If you’ve been on a regular healthy eating plan and there are products that you know work for you, say for breakfast, then it can be tempting to try to replicate this, especially if you’re staying with friends or family and you can visit a supermarket. After all Special K is Special K isn’t it? It would appear not.
My colleague Munaiba Khan recently visited the UK and USA. She couldn’t find her regular Uncle Toby’s Plus cereal in the UK and opted for what looked similar – Special K with red berries. In the USA she also saw Special K with red berries but it tasted different, much sweeter. On her return she decided to check the ingredients of the UK, US and Australian packets to see if her suspicions were correct. The pack information isn’t immediately comparable but she’s done the conversions for you and here’s what she found:
|Amount per serving ( ~ 30g)||US||UK||Australia|
As you can see the US cereal is much sweeter than the other two, has 50% more salt than the other two but almost three times the fibre. The moral for the weight-conscious is traveller is clear – read the pack! Your familiar foods may not be formulated the same in different countries.
Once you’ve arrived at your destination then what?
It can be hard to eat healthily when you’re travelling. Often you are on holiday and feel you deserve a treat or two and so you relax your guard. Then there are the unfamiliar foods that may taste great but you have no idea how healthy they are. Do they have too much sugar, fat, salt – who knows?
We all like to try local specialities, after all that’s part of the joy of travel, immersing yourself in another culture, even another Western culture like the US or Europe but it can definitely have consequences for your waistline. For example, items like “hush puppies”. This is a favourite in the southern states of the US and is served up with just about any seafood but it’s really just cornmeal, eggs, salt and buttermilk mixed into a stiff batter and deep-fried. Not a lot to recommend it on the healthy food/calorie control barometer.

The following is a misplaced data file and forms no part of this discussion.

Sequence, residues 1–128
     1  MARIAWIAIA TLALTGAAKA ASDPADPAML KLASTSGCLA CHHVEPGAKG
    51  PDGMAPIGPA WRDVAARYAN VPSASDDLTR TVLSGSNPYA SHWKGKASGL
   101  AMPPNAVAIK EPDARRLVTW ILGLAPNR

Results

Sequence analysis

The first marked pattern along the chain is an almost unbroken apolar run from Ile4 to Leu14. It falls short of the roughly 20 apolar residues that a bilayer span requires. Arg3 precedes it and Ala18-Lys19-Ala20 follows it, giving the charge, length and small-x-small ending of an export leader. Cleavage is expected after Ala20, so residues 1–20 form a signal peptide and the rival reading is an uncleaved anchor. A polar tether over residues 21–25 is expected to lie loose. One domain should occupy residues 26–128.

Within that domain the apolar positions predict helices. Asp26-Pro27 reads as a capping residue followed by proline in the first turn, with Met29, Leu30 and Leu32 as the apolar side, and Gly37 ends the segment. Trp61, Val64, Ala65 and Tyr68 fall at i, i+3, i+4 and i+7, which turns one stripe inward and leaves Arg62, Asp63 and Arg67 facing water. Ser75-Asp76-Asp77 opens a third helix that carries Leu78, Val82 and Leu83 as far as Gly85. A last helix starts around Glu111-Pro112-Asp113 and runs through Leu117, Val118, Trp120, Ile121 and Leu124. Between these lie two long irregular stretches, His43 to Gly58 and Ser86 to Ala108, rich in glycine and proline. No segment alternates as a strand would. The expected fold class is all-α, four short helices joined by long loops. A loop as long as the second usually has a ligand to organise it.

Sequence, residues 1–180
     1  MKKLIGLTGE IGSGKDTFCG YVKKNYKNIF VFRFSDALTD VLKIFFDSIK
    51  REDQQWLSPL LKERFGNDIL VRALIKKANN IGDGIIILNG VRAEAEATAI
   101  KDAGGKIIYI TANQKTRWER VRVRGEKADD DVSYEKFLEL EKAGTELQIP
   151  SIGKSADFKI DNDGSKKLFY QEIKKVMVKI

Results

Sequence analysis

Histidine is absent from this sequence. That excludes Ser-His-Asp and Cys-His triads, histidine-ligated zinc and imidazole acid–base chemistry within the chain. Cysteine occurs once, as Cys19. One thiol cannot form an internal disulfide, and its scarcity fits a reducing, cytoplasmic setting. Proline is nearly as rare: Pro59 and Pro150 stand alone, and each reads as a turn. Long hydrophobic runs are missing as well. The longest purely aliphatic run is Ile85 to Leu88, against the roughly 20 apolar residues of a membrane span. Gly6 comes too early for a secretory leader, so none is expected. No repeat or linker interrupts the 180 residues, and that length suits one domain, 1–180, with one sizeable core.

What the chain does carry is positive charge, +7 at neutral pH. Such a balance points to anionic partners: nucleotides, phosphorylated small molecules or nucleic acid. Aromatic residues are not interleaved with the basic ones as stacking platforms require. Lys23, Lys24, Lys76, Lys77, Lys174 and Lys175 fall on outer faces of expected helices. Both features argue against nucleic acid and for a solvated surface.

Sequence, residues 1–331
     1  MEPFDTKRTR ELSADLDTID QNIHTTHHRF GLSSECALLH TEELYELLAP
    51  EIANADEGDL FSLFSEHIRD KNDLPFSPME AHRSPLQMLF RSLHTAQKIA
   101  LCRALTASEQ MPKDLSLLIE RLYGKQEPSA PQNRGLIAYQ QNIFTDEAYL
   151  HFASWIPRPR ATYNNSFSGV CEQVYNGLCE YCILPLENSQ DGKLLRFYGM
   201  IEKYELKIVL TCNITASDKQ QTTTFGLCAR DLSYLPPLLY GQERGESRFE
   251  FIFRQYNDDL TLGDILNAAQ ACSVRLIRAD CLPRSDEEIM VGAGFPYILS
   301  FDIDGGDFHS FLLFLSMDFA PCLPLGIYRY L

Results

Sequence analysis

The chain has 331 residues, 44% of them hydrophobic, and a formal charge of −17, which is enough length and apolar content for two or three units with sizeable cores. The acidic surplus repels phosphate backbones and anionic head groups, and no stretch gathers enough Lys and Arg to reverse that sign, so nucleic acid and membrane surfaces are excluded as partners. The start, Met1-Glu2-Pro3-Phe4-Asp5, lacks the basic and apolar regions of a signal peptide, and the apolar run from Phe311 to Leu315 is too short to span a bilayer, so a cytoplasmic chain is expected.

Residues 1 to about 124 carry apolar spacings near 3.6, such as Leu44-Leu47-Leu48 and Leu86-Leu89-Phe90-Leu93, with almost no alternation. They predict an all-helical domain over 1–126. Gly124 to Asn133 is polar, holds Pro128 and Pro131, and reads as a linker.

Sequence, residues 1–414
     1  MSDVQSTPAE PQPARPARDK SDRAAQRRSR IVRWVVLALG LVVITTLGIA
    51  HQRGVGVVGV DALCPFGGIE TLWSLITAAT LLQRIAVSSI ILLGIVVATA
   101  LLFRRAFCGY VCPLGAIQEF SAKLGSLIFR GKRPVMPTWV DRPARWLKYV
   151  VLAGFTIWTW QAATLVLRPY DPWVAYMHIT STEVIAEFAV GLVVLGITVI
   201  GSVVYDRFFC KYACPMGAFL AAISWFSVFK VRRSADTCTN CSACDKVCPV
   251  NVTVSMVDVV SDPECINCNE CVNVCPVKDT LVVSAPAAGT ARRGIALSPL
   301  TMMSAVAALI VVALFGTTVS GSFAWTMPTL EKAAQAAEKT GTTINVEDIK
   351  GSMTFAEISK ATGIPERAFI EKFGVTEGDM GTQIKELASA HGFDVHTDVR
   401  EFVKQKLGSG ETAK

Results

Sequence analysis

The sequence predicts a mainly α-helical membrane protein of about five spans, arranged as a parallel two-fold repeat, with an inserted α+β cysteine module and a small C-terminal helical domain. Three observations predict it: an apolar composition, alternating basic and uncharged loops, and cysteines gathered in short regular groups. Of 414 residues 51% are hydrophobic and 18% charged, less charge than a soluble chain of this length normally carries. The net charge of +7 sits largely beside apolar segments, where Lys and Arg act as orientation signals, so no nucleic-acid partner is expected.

Aside of the odd special restaurant dinner (download my pdf – Eating out on a diet here and read my article Eating out, 8 lighter options), if you have to eat outside meals look for outlets that sell healthy sandwiches, salads or veg soups. e.g. Prêt-a-Manger which has outlets in the UK, US, France and Hong Kong. It can be expensive (though there are often budget options) but it’s easy if you don’t speak the language (self-serve) and you can see what you’re getting. The food is freshly made and all excess goes to charities at the end of the day.
Eating-in can be a healthy option but watch out as many US households use processed foods as standard meal components. Melanie Warner, author of Pandora's Lunchbox: How Processed Food Took Over the American Meal says that over 70% of the calories consumed in the US come from processed foods. Stick to fresh, home-cooked food with no tinned or bottled sauces or dressings and you should be right.
How to stay regular when you’re travelling
This boils down to two things – make sure you drink enough water and make sure you take in enough fibre. Fibre is often a problem as restaurant meals and take-aways aren’t noted for their high fibre content. However, there’s an easy fix. Take your own fibre with you. There are a number of brands on offer but Munaiba recommends Benefibre sachets because they are colourless, tasteless, odourless and don’t change the texture of food or drink. She likes to add Benefibre to her morning coffee, following it with a glass of water.
Stay hydrated and make sure you carry your own refillable bottle of water e.g. 250mL/8oz that you can top up and that isn’t too heavy in your handbag or back pack.
Tips to avoid getting gastro or food poisoning
One sure way to lose weight on your travels is to get gastro but that’s a weight-fix no one wants! To avoid the local gastro make sure you:
- Wash your hands frequently.
- Use sanitising lotions in a carry pack. They do contain alcohol but they work, though not as well as soap and water.
- Be vigilant in countries known for gastro.
- Whenever you return to the place you’re staying wash your hands thoroughly and always before you touch food.
- Don’t touch your face while you’re out and about unless you have clean hands. You may think this is a strange one but you’d be surprised just how often you touch face during the day without realising it so stay aware – an itchy nose, a stray hair tickling your face and the usual habits we have such as stroking our chins etc., can lead to you transferring nasties to your mouth and nose.
Enjoy your travel and we hope these few pointers prove useful.